I’ve been asked on occasion from what sources I derive my column fodder. Some is the result of reader inquiry (keep it up; I can’t always intuit what you need…). Some is from polling my colleagues, and some is simply the result of going through my musical life with my eyes (and my interest) open. […]

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Music Prep Strategies, Part 4: Words Ain’t Cheap

As a practical matter of music notation, graphic symbols work better than words, hands down. Actually words are symbols too, but they are constructed of building blocks of letters and punctuation that can result in very close to a million viable combinations in English alone. Thankfully, our musical language is much more finite, making its […]

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Conduct Yourself Accordingly, Part 4: Last-Minute Podium Strategy

Consider the following scenario: You’re attending a friend’s scoring session and, while contentedly lounging in the booth with a cup of coffee, a call comes in from the session conductor that some emergency will prevent his arrival. Your friend turns to you and asks you to sub for him. What do you do? Thanks for […]

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When And Where To Optimize

In response to several readers’ inquiries, this week we will examine the topic of optimization in the recording environment. Optimizing is a proprietary term (first coined by Finale) referring to the elimination of empty staves on a score or part to save space. As usual, the default settings with most software packages let you do […]

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NOTATING WITHOUT THINKING, OR WHAT THE COMPUTER CAN DO FOR THIS GENERATION OF COMPOSERS

Last week I said a shocking thing, so it’s probably worth repeating: So entrenched is the sequence-then-notate priority that, to succeed and survive, this generation of industrial composers has come to define compositional limits not as what they can purely imagine, but as that which they can coax a machine to perform. Thanks for your […]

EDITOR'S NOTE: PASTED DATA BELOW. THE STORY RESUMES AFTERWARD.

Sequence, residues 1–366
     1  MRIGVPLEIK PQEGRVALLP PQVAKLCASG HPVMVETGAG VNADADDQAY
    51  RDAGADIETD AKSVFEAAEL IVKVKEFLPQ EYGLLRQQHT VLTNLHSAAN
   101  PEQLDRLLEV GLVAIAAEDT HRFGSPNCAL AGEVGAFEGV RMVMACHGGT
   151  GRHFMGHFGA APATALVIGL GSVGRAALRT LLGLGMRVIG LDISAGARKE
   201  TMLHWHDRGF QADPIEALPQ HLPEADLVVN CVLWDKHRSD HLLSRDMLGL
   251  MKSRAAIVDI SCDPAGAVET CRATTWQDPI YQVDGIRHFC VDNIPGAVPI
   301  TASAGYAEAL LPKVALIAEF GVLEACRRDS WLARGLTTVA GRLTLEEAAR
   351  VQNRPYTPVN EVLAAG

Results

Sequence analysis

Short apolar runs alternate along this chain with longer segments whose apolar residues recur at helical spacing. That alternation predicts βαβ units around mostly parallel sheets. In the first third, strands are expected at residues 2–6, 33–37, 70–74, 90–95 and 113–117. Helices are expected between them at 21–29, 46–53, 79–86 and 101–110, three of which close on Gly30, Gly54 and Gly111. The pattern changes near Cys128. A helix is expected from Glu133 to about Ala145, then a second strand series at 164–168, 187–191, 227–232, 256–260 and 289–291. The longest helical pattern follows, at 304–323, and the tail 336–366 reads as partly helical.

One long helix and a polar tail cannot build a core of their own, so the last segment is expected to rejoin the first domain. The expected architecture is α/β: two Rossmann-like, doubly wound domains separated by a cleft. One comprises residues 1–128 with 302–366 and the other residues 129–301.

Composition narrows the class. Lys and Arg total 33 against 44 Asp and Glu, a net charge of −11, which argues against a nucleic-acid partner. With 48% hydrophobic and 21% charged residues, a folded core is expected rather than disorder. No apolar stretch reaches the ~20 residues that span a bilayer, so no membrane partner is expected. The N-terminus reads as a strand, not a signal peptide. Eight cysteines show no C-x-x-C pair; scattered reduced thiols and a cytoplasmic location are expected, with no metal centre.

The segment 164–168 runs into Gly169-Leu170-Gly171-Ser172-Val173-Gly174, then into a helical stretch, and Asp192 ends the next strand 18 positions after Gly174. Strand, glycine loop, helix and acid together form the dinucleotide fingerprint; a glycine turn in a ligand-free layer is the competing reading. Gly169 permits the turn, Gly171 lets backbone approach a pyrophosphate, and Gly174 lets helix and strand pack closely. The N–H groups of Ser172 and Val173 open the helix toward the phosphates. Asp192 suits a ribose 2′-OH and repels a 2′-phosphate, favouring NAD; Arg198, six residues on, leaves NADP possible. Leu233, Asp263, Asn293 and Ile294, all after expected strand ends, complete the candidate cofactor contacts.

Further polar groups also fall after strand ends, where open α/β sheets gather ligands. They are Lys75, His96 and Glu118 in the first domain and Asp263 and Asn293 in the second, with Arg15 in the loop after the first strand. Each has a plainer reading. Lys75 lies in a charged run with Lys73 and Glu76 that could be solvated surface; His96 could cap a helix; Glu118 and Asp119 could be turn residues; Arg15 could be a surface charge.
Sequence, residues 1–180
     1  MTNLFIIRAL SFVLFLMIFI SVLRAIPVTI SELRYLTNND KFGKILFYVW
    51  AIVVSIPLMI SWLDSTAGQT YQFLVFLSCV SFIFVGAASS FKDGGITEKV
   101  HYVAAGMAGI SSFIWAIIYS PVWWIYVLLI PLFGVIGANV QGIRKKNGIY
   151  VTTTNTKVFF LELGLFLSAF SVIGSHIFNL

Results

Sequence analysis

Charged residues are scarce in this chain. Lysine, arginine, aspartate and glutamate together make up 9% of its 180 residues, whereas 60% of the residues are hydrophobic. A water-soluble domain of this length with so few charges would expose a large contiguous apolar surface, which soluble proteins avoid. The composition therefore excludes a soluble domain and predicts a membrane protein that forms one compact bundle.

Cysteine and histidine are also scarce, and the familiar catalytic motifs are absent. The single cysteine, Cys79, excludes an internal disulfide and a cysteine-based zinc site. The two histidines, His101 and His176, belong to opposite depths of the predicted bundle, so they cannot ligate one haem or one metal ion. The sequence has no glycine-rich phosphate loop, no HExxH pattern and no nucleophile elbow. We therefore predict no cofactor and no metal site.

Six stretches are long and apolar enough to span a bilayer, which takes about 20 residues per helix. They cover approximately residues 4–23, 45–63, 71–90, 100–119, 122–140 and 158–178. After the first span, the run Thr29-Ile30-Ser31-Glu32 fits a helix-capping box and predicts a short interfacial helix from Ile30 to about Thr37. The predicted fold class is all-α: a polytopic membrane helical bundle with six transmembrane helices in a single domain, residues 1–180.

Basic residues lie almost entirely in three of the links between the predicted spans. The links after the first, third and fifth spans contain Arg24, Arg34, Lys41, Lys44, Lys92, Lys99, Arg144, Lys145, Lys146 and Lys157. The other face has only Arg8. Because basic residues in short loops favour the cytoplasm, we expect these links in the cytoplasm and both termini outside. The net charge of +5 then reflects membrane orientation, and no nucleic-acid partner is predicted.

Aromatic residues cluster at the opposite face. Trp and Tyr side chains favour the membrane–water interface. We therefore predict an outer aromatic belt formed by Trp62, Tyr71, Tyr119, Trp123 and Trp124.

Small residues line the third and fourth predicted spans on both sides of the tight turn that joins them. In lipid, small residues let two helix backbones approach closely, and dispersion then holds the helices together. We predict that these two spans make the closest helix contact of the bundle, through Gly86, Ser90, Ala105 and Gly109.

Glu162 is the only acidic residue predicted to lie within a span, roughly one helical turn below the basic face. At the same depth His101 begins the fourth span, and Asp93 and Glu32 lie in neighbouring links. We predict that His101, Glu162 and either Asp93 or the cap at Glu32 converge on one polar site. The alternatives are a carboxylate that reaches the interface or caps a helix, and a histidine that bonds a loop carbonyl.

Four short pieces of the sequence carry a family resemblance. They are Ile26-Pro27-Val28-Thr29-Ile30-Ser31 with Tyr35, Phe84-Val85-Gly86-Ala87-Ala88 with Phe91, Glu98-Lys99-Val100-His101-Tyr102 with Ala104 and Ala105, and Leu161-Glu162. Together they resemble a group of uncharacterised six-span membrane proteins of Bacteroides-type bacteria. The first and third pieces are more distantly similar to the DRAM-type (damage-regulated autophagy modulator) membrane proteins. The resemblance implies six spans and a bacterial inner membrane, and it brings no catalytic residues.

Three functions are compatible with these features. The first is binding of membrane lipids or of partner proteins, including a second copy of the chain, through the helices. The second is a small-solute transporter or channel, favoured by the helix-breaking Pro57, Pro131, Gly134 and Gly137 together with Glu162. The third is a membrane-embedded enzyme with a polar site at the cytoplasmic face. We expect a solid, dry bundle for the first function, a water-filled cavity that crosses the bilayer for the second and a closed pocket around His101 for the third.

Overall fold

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WHAT THE COMPUTER HAS DONE TO THIS GENERATION OF COMPOSERS

Initially, notation software was just a set of tools to get us away from pencil, pen, and paper, and to get us closer to a look and feel of our output that had been standardized hundreds of years before. The advantages for desktop publishers (self-printing in any quantity, ease of transposition/editing, rudimentary MIDI playback, etc.) […]

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Music Prep Strategies, Part 3: “Not-So-Common Courtesy”

This week, we kneel again at the altar of “Our Lady of the Perfect Read-Through,” at which we must be ever vigilant for anything that can help our players worship with us. Thanks for your interest in The Chart Doctor. The full text of this article is now available in the updated and expanded eBook […]

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Taking A Button And Sewing A Vest On It

I’m sure that reader Douglas Romayne spoke for many in our fraternity when he wrote me inquiring about orchestrational strategies (without sampler skullduggery) that will coax the thrills of a big orchestra out of a more modest one. In his letter, he agreed that “a good orchestrator can make 40 players sound like 60, while […]

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Keeping The “Orchestra” In “Orchestration

I recently attended a symposium featuring a panel of noteworthy composers for video games. In listening to demos of their latest scores, I noticed a couple of things which may prove insightful. For backup, I discussed these observations with several friends active in that wing of the industry. Thanks for your interest in The Chart […]

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When Great Is The Enemy Of Good

There is a well-known but seldom-discussed truism in philosophical circles concerning when headlong pursuit of the optimum is a barrier to the successful achievement of even the minimum. In some quarters it’s called “analysis paralysis,” the mental block built out of oppressive expectations, perhaps traceable to our traditional institutions which cradled our career training. They […]

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Slip Slidin’ Away…

No, I’m not referring to one of Rhymin’ Simon’s great early hits. I’m referring to one of the most easily recognizable instrumental effects available to the orchestrator: the trombone glissando. Hand a youngster his first trombone and invariably it’s the first sound that gets made. It was for me. It’s fun. It’s also uniquely useful […]

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Some Random Thoughts,” er, “Some Thoughts on Random

The other night I saw a documentary on legendary Las Vegas cheats that included a profile of a video slot machine manipulator whose “success” in unfairly beating the machines was based on insider knowledge and experience with the software which ran them and inspired insight of his own into how computers work. Included was his […]

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A Path to Quick and Reliable

It happens to all of us eventually. A client makes a request of you, way late or even after the game, that forces you to do things out of sequence and, therefore, inefficiently; sometimes very inefficiently. You have a choice, deal with it and get it done or make an issue out of it and […]